Jog Falls is the second-highest plunge waterfall in India, Located near Sagara, Shimoga District of Karnataka state, these segmented falls are a major tourist attraction. It is also called by alternative names of Gerusoppe falls, Gersoppa Falls and Jogada Gundi. Jog Falls is created by the Sharavathi River falling from a height of 253 m (830 ft), making it the second-highest plunge waterfall in India.
Sharavati, a river which rises at Ambutirtha, near Nonabar, in the Thirthahalli taluk and takes the north-westerly course by Fatte petta, receives the Haridravati on the right below Pattaguppe and the Yenne Hole on the left above Barangi. On arriving at the frontier it bends to the west, and precipitating itself down the Falls of Gersoppa and passing that village (properly Geru-Sappe), which is really some 29 kilometres distant, discharges into the sea at Honnavar in North Kanara. The Sharavati, flowing over a very rocky bed about 250 yards wide, here reaches a tremendous chasm, 290 m (960 ft) in depth, and the water comes down in four distinct falls. The Raja Fall pours in one unbroken column sheer to the depth of 830 ft (250 m). Half-way down it is encountered by the Roarer, another fall, which precipitates itself into a vast cup and then rushes violently downwards at an angle of forty-five degrees to meet the Raja. A third fall, the Rocket, shoots downwards in a series of jets; while the fourth, the Rani, moves quietly over the mountain side in a sheet of foam. The Tourism Department has built steps from the view point till the bottom of the hill where the waterfall can be seen at the opposite side. There are approximately 1500 steps built to reach the bottom of the hill.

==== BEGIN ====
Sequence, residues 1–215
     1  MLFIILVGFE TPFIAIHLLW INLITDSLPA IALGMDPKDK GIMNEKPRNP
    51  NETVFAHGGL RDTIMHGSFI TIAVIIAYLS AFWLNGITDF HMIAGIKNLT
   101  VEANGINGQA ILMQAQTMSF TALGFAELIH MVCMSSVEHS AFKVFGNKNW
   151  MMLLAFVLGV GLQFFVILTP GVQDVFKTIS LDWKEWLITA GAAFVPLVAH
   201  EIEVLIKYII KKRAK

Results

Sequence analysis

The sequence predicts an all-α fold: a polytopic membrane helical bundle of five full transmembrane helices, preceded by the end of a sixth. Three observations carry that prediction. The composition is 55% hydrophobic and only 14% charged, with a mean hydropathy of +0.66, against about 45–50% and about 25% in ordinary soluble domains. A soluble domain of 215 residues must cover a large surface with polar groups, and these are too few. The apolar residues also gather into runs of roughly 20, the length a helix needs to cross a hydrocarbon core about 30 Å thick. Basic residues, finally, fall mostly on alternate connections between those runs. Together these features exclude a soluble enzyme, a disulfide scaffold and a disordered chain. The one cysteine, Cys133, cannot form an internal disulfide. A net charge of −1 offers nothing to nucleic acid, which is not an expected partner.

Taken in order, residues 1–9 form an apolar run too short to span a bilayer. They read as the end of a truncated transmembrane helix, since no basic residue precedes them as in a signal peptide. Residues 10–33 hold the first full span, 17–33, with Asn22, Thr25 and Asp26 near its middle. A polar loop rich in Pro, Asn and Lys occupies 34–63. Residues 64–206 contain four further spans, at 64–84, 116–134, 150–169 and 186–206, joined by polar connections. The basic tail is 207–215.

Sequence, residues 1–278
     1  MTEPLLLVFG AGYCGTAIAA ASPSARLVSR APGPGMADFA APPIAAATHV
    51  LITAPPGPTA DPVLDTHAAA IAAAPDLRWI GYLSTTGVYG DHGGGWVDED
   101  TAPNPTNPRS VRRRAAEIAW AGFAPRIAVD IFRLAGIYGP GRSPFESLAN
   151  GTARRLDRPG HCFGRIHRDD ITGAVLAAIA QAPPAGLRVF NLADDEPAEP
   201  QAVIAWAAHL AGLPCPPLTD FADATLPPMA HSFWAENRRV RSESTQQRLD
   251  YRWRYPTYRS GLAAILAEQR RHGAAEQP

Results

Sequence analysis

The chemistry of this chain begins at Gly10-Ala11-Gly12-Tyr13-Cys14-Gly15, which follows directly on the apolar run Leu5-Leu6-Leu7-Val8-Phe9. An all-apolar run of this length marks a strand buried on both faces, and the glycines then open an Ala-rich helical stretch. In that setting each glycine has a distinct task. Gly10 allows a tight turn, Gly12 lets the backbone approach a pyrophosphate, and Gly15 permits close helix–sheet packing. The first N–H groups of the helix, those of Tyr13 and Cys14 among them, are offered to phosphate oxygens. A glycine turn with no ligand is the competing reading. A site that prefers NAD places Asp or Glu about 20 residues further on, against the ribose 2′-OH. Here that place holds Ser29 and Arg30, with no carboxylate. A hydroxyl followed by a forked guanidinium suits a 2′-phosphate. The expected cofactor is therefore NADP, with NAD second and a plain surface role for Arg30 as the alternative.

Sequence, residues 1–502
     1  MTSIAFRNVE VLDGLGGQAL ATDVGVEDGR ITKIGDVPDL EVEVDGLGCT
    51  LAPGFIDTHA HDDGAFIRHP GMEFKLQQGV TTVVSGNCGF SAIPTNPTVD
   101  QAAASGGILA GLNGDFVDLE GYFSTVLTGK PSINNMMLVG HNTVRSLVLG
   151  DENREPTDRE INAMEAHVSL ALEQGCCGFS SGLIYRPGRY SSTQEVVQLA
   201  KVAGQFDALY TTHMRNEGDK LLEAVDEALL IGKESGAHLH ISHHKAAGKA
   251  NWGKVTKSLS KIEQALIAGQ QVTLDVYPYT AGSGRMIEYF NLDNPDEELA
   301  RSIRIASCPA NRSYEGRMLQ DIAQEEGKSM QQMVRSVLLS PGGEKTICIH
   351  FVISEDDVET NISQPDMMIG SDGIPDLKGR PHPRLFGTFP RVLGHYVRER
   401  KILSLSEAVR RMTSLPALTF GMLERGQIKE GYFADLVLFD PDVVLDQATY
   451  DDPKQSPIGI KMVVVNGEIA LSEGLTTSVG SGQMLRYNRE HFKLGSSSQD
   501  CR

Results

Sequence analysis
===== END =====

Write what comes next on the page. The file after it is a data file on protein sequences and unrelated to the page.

Associated with the waterfall is the nearby Linganmakki Dam across river Sharavathi. The power station has been operational since 1948, and is of 120 MW capacity, one of the largest hydroelectric stations in India at that time and a small source of electric power for Karnataka now. The power station was previously named Krishna Rajendra hydro-electric project, after the King of Mysore at that time. The name was later changed to Mahatma Gandhi hydro-electric Project. It was served by Hirebhaskara dam until 1960. After 1960, due to the ideas of Sir M. Visvesvarayya, Linganmakki Dam is being used for power generation. Before the onset of monsoon season, when there is not much water in the Linganmakki dam, the Jog Falls are only a pair of thin streams of water trickling down the cliff, as the water collected in the dam is exclusively for generation of electricity; during monsoons local rain-water is the source of water to the falls.